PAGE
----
Operating Systems 01

By Chris Dewhurst

Originally published in EUG #60

This article appeared in the HOME COMPUTER ADVANCED COURSE MAGAZINE (c) 1984

The role of the operating system, or OS, is to serve as an interface between the programs written for a machine and its hardware. We begin a series of articles in which we examine the operating system of the popular BBC Micro.

An operating system is written in the machine language used by the particular microprocessor incorporated in the computer. Thus, the BBC operating system is written in 6502 machine code.

An OS consists of a range of routines that cover a variety of machine functions. For example, it will contain a routine that scans the keyboard for keypresses, something that the user will not need to bother about when writing software for the machine. In fact, in a good operating system, the user should be able to access any feature of the machine's hardware without needing to know the exact position in the computer's memory or input/output map of the routine that controls the piece of hardware in question. This means that hardware alterations to the machine are more easily made, and, as long as the OS has been altered to suit the new hardware, any programs written on older versions of a machine will run just as well on new versions of it.

The BBC Micro's operating system is very well planned. A program written in BBC BASIC on a standard machine will run perfectly well on a BBC Micro equipped with a second processor - even though this is a radical hardware alterationn to the machine. The BBC OS has gone through various stages of development and refinement to arrive at its current state of sophistication. Version 0.1, the first to appear, has now largely disappeared from circulation. It was made up of four EPROM chips, but lacked versatility and, in particular, could not support disc drives. Version 1.0, however, was able to support discs. It consisted of two eight-Kbyte chips on a small circuit board that fitted inside the machine. Version 1.2, the current version, is found in most BBC Micros in use today. A variant of this version - 1.2(US) - is designed for machines on the American market.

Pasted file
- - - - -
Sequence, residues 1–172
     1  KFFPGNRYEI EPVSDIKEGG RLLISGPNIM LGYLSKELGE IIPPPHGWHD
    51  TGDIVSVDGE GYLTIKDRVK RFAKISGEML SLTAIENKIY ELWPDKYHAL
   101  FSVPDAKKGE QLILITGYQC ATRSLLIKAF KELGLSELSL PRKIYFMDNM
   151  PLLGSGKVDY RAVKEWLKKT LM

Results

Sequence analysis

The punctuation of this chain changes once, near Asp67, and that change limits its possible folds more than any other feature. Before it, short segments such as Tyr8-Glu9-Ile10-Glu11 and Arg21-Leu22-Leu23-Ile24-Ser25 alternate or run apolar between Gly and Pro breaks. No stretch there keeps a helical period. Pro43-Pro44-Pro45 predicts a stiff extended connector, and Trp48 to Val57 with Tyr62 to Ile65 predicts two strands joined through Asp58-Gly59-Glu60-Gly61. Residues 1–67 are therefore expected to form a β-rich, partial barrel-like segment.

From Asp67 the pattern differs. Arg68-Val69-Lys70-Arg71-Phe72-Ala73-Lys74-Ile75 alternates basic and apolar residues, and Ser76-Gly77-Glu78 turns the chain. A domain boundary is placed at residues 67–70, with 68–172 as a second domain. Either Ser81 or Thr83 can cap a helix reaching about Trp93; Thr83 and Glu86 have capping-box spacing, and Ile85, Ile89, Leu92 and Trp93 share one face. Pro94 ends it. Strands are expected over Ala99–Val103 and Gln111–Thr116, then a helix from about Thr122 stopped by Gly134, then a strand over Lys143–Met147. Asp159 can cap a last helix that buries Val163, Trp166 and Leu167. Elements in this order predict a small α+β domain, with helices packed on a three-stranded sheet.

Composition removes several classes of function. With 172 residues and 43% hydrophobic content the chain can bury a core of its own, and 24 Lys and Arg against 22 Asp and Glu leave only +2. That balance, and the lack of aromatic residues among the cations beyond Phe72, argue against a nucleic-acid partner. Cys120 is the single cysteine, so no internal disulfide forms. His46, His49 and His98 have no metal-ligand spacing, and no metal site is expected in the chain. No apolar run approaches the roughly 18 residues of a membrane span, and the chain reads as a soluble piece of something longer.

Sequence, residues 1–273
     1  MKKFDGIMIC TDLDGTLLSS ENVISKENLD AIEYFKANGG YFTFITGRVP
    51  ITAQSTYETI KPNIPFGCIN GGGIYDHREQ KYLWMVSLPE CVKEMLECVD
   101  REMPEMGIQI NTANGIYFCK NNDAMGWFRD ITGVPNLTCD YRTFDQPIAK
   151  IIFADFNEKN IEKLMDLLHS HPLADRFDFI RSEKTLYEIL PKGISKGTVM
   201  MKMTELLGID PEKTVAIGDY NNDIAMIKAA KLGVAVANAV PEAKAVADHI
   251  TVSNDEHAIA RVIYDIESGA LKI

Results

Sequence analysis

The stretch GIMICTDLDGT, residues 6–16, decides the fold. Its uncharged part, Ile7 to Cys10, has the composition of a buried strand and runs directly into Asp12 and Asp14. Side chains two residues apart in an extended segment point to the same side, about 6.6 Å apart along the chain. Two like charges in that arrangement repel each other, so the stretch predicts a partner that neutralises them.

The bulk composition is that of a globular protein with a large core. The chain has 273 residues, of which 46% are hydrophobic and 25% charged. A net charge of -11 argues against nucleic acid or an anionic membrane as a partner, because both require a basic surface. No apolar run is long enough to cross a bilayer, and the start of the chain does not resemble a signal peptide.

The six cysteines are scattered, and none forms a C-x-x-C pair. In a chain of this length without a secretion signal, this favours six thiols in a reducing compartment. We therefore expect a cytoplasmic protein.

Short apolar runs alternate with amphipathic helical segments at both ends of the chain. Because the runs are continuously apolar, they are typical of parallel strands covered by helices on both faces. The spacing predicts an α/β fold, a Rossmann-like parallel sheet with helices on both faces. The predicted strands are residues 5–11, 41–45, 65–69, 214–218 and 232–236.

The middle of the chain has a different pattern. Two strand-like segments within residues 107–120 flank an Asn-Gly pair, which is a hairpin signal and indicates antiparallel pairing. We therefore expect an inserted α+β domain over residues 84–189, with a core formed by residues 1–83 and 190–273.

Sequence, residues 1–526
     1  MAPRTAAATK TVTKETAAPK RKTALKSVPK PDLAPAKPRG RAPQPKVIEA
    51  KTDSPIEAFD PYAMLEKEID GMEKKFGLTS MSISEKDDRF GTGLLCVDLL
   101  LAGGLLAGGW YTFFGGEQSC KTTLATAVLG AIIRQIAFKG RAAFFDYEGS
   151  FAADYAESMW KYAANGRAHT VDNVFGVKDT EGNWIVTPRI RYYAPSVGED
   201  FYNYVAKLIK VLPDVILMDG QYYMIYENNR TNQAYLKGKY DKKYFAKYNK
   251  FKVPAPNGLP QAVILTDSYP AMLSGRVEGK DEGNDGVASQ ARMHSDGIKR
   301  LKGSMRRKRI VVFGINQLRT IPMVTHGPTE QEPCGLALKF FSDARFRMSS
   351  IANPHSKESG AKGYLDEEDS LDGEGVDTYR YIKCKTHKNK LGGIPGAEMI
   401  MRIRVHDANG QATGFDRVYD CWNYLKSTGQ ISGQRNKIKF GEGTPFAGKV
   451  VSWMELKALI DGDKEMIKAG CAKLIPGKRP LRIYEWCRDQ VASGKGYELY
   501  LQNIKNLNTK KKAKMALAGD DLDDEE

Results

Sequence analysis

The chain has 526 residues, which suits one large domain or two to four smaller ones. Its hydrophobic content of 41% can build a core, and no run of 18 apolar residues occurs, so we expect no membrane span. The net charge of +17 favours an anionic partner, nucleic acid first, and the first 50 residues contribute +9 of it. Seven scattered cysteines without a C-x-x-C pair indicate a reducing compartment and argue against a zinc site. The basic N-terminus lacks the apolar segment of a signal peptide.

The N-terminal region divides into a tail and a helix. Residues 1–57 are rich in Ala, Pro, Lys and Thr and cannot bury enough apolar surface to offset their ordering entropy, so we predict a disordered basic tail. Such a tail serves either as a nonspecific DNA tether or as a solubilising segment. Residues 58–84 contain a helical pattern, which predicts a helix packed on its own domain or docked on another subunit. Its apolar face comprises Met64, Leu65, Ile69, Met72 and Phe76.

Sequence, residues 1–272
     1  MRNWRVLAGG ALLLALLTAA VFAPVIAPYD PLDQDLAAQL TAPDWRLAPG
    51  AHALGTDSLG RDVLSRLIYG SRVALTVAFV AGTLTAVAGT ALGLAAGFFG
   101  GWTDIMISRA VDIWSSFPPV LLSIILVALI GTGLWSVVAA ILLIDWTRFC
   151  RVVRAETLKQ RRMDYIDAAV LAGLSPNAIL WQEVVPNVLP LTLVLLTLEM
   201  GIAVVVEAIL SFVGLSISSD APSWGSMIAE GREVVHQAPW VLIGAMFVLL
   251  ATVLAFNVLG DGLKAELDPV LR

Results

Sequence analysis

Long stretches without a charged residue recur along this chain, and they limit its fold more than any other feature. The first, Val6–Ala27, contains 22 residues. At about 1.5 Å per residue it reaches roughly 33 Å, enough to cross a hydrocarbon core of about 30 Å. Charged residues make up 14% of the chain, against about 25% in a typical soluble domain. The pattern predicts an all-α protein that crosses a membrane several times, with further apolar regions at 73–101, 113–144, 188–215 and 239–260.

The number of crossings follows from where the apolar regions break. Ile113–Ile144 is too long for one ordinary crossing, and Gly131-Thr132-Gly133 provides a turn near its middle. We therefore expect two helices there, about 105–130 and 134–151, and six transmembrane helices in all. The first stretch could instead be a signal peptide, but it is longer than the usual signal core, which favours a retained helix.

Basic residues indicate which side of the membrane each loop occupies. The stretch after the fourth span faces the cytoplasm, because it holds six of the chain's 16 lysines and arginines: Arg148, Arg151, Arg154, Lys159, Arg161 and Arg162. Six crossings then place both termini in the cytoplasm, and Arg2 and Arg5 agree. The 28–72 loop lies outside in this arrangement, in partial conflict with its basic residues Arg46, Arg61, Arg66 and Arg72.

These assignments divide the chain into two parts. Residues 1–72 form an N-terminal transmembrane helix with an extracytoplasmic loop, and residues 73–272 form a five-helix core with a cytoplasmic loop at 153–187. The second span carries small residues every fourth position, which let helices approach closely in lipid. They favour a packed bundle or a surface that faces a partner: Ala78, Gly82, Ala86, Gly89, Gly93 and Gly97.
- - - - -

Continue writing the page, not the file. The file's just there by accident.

You can find out what version your machine contains by typing the command *FX0 and then pressing RETURN. The version number of the OS will then be printed on the screen. The command *HELP will also return the OS version number, as well as listing to the screen the names of the ROM chips in the machine.

What The BBC Does

The tasks the BBC operating system performs can be grouped into four main categories.

  1. Input routines: These routines accept information into the computer from what is called the 'current input stream'. This is normally the keyboard, but other input streams are the RS423 interface and the current filing system - the latter is accessed via the use of the *EXEC command. The major OS routine that deals with input from all these sources is called OSRDCH, which stands for OS ReaD CHaracter.
  2. Output And Display Routines: These routines handle output from the computer; in the BBC microcomputer there are a variety of output streams that can be selected as the current output stream, such as the television display, printer, RS423 interface and, using the *SPOOL command, the current filing system. As well as being responsible for printing or otherwise outputing data, the OS display routines are also involved with tasks such as the control of the 6845 display chip in the computer and the use of user defined characters, to name but two of the extra functions of these routines. The OS calls used are OSWRCH (for OS WRite CHaracter), OSASCI and OSNEWL.
  3. Filing Systems: Any operating system must offer the user a means of saving the contents of computer memory to a more permanent medium. The section of the OS that deals with such transactions is called the 'currently selected filing system', and on the BBC we have the choice of tape, disc, Econet, ROM or telesoftware. The OS filing routines can make use of additional routines in ROM that instruct the OS to deal with the hardware associated with a particular filing system.